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car review

2005 Jeep Grand Cherokee Limited.Fiat Chrysler

Are you a tough mudder? I'm not talking about that messy fitness craze, I'm talking about off-roading. You'd prefer your car to do more of the hard work in the mud than you do, and the trails you hit are no place for one of those "soft-roading" all-wheel-drive crossovers. Maybe you have that unplowed road to your winterized cabin, or no road whatsoever to a favourite fishing spot. Whatever it is, it's only accessible with a capable, rugged four-wheel-drive vehicle.

For whatever you do, you're going to need room for the coolers and fishing tackle – not to mention the kids' strollers and the dog. And you might even need a little grunt for a snowmobile or boat trailer, yet the truck can't be so big that it doesn't fit between the trees – so let's look at some rugged, mid-sized SUVs with lockable differentials and decent power and tow ratings. Of course, you want a bit of extra gas money for that boat, so we'll keep the prices at less than $12,000.


What better nameplate for off-roading can you find than Jeep? The Grand Cherokee is legendary for its ruggedness off the pavement, and there are plenty available anywhere from 2005 – a redesign year – to 2008 models in this range. That Grand Cherokee offered a new level of luxury and refinement for the car along with a standard 3.7-litre V-6 and an optional 4.7-litre V-8, which gave the SUV a tow rating of 6,500 pounds. Three levels of four-wheel drive were available, with the top Quadra-Drive II offering high and low range and locking diffs, so you'll get in and out of almost anywhere. But this Grand Cherokee has been known to have problems with interior equipment and the transmission, and it has recalls concerning an engine that will turn itself off and a transfer case that sometimes won't work.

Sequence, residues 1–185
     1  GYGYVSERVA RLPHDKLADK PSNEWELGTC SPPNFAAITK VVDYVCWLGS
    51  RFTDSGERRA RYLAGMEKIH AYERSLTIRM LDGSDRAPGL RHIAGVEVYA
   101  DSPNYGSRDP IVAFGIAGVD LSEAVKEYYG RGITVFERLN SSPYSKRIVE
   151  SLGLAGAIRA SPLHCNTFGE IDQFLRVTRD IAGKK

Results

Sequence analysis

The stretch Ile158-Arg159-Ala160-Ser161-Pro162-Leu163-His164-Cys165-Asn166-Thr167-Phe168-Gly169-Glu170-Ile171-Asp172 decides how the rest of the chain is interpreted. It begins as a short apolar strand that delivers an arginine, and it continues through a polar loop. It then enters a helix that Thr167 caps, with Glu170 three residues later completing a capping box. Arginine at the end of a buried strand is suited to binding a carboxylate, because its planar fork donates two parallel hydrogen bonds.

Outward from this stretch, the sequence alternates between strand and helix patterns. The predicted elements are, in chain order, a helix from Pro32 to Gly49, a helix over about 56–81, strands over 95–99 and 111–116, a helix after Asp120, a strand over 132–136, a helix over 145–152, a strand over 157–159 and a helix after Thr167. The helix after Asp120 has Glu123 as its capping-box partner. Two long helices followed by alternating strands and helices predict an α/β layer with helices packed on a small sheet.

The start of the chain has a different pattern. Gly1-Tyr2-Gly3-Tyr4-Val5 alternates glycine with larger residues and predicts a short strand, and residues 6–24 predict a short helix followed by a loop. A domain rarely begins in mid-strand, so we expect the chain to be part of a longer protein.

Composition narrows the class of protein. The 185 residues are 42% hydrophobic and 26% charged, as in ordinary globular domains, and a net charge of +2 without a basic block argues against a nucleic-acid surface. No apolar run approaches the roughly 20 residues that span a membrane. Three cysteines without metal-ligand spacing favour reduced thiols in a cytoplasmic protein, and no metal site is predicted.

The Nissan Pathfinder went through a slab-sided, boxy redesign in 2005, which you can enjoy up to around 2007 in our price range. Again, it's a capable performer both on the road and off, and it adds a third row of seating – though, really, it's only suitable for small, contortionist children. It is, however, one of the roomiest SUVs in its class. Power comes from a big 4.0-litre V-6 that delivers decent fuel economy (for its size) and a tow rating of 6,000 pounds. Only a few small recalls for this model, including a replacement for the infotainment screen because the clock resets every 45 days. How annoying.


If you want to have it all – dependability, on-road comportment and off-road capability – then look at the Toyota 4Runner. You can find it in the same year range as the others here, and it comes with that legendary Toyota reliability – it's labelled a "good bet" by Consumer Reports. It comes standard with a 4.0-litre V-6 but find the optional 4.7-litre, 270-horsepower V-8 and you're good to pull 7,000 pounds. Despite riding on a ladder frame and having a solid rear axle, highway driving is car-like and comfortable, yet it can still tackle just about any terrain. It also came with an available third-row but, again, one that's only useful in a pinch. The only major recall regarding these model years was concerning – you guessed it – a stuck accelerator pedal.


Ooooh, look what you can afford here: a Land Rover Discovery II. How about that one? It depends, if you want to get back from your fishing hole or not. While Land Rovers have the capability to ford through rivers and over rocks, their dependability is questionable, especially from this era. Wonky electrics and general shoddy workmanship means there's a good chance it will let you down at the worst possible moment.

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